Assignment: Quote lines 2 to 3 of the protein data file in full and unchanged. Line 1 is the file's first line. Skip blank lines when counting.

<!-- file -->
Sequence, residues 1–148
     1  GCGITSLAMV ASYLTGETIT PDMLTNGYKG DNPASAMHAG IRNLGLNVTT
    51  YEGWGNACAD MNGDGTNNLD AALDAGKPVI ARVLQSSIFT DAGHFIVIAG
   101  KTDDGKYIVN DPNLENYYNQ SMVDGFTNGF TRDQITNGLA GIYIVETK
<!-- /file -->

     1  GCGITSLAMV ASYLTGETIT PDMLTNGYKG DNPASAMHAG IRNLGLNVTT
    51  YEGWGNACAD MNGDGTNNLD AALDAGKPVI ARVLQSSIFT DAGHFIVIAG